The European sovereign debt crisis raged out of control from 2010–15. In some ways, it began with the default by Dubai World on the day after Thanksgiving 2009 in the aftermath of the global financial crisis of 2008.
The Dubai fiasco was contained, but a new crisis broke out in Europe just months later and took five years to resolve. At its height, the European crisis engulfed Ireland, Italy, Portugal, Greece and Spain.
One by one, those individual countries got the situation under control with bank bailouts (Ireland), market discipline (Spain and Portugal) or aid from the European Central Bank (Italy). The one exception was Greece.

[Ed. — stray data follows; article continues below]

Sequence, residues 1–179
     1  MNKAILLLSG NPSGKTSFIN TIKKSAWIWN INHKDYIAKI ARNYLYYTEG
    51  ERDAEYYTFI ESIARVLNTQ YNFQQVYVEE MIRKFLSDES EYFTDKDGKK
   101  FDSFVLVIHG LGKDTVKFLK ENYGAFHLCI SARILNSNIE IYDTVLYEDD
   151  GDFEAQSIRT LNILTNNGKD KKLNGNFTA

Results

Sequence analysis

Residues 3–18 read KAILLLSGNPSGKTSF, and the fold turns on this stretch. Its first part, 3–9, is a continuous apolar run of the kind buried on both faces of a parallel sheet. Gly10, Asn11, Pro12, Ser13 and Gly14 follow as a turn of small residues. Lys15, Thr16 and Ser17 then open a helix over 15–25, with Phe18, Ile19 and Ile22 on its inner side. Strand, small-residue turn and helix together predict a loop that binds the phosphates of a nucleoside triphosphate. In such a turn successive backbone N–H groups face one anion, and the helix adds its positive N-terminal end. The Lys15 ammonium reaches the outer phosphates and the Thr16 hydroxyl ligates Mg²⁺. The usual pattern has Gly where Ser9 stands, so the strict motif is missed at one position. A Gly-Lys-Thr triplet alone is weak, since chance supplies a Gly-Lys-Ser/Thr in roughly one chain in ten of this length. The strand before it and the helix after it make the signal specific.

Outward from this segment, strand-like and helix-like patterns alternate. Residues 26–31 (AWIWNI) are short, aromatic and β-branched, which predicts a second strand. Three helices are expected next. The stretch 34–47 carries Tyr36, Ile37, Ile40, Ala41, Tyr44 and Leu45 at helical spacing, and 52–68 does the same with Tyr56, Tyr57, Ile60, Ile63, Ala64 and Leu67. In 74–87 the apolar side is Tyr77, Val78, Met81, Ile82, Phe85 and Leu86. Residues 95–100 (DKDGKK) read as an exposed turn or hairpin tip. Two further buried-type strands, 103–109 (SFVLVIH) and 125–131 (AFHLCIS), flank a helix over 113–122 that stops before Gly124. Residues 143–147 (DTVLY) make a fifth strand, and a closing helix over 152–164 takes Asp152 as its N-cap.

There, the debt burden was so large and the political situation so fraught that a confrontation emerged that threatened to break up the EU and destabilize the euro. Greece came close to being kicked out of the EU by Germany in 2015 but then caved in to German demands and the crisis was finally resolved.
Greece got more aid and extended debt repayment deadlines in exchange for agreement to cut its budget deficits and improve tax collections. Guess what? Greece’s idea of improving tax collections is to force citizens to use digital money instead of cash.
That plan is described in this article. The idea is that digital payments are easier to track and digital accounts are easier to freeze and seize than cash.
Government control won’t stop there. This is part of a broader global move to eliminate all cash so governments can control your wealth with a few keystrokes.
The best way to fight back is not with piles of cash. That’s difficult and may soon be obsolete. The best way to fight back is with physical gold and silver bullion that cannot be digitally controlled.
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